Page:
Lunar dynamo's lifetime extended by at least 1 billion years
New evidence from ancient lunar rocks suggests that an active dynamo once churned within the molten metallic core of the moon, generating a magnetic field that lasted at least 1 billion years longer than previously thought. Dynamos are natural generators of magnetic fields around terrestrial bodies, and are powered by the churning of conducting fluids within many stars and planets. In a paper published today in Science Advances, researchers from MIT and Rutgers University report that a lunar rock collected by NASA's Apollo 15 mission exhibits signs that it formed 1 to 2.5 billion years ago in the presence of a relatively weak magnetic field of about 5 microtesla. That's around 10 times weaker than Earth's current magnetic field but still 1,000 times larger than fields in interplanetary space today.
Several years ago, the same researchers identified 4-billion-year-old lunar rocks that formed under a much stronger field of about 100 microtesla, and they determined that the strength of this field dropped off precipitously around 3 billion years ago. At the time, the researchers were unsure whether the moon's dynamo—the related magnetic field—died out shortly thereafter or lingered in a weakened state before dissipating completely.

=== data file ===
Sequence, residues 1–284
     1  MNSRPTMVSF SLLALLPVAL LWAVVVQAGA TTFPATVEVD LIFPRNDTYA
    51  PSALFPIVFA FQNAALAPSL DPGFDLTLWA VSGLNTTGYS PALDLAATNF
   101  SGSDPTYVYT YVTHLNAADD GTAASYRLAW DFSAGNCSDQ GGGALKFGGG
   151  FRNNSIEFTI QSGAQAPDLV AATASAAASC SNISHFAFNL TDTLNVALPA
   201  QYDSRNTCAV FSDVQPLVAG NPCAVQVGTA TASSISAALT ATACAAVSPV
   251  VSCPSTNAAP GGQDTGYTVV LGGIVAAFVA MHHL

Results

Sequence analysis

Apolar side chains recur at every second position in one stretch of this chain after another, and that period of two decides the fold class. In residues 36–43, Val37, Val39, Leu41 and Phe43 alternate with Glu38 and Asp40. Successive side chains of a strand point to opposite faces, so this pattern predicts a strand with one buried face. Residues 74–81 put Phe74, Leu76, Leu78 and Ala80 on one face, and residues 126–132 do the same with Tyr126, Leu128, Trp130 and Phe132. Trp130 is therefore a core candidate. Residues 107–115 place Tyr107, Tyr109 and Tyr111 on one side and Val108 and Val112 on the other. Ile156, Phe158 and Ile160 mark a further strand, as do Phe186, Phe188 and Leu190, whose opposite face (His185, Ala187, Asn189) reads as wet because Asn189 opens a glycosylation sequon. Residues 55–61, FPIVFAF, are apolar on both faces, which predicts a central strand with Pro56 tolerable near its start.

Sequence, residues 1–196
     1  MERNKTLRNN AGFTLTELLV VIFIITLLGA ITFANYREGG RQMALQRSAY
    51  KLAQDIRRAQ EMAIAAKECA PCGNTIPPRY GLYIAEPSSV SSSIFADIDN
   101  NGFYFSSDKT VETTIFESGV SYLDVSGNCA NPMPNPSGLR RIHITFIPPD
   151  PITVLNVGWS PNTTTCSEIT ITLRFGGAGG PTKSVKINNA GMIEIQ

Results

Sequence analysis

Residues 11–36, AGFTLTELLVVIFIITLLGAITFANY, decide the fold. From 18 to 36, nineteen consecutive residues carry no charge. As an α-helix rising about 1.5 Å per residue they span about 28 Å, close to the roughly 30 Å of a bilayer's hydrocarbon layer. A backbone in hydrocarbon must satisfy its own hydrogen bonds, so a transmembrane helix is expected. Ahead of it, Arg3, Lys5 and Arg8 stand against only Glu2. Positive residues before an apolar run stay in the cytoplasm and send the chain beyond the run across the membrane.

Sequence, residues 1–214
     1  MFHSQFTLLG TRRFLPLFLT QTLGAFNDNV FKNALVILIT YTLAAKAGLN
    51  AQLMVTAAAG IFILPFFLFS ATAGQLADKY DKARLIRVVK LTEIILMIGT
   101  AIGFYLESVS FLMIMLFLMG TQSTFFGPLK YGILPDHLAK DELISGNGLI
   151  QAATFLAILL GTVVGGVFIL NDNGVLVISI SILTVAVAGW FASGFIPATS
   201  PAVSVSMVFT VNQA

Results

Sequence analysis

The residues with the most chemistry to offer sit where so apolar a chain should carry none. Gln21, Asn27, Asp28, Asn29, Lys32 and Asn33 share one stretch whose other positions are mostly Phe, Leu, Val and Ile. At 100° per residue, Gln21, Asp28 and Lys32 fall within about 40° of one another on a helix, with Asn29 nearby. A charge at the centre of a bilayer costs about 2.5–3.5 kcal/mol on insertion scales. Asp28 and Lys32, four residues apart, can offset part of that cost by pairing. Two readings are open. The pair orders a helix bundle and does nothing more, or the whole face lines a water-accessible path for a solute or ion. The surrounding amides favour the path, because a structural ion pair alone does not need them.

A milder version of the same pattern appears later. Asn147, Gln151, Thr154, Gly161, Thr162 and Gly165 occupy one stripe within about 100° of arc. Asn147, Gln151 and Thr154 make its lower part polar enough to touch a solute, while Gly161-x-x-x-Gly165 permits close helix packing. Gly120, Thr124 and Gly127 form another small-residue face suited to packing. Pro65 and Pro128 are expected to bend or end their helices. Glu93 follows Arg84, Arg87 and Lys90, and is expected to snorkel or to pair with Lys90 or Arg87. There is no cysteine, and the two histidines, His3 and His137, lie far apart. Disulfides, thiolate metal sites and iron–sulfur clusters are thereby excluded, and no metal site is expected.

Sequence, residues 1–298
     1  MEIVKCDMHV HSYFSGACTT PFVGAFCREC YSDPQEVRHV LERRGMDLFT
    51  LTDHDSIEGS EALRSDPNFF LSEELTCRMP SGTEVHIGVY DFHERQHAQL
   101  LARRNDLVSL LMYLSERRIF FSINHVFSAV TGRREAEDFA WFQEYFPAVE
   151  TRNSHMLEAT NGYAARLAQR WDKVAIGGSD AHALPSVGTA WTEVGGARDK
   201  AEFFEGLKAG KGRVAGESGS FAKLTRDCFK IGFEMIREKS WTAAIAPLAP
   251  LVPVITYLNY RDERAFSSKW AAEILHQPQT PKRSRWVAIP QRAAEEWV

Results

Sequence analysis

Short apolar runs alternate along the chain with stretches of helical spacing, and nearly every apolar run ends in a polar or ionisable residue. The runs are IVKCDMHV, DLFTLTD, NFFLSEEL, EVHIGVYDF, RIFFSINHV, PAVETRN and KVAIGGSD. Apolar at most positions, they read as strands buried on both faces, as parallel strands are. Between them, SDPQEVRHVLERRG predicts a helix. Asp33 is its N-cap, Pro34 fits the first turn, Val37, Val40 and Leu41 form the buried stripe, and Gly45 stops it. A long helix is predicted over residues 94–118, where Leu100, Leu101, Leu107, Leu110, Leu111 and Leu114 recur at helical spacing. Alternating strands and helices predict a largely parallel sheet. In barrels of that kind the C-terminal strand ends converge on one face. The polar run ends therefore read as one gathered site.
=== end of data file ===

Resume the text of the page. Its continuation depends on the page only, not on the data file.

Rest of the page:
The results reported today support the latter scenario: After the moon's magnetic field dwindled, it nonetheless persisted for at least another billion years, existing for a total of at least 2 billion years.
Study co-author Benjamin Weiss, professor of planetary sciences in MIT's Department of Earth, Atmospheric and Planetary Sciences (EAPS), says this new extended lifetime helps to pinpoint the phenomena that powered the moon's dynamo. Specifically, the results raise the possibility of two different mechanisms—one that may have driven an earlier, much stronger dynamo, and a second that kept the moon's core simmering at a much slower boil toward the end of its lifetime.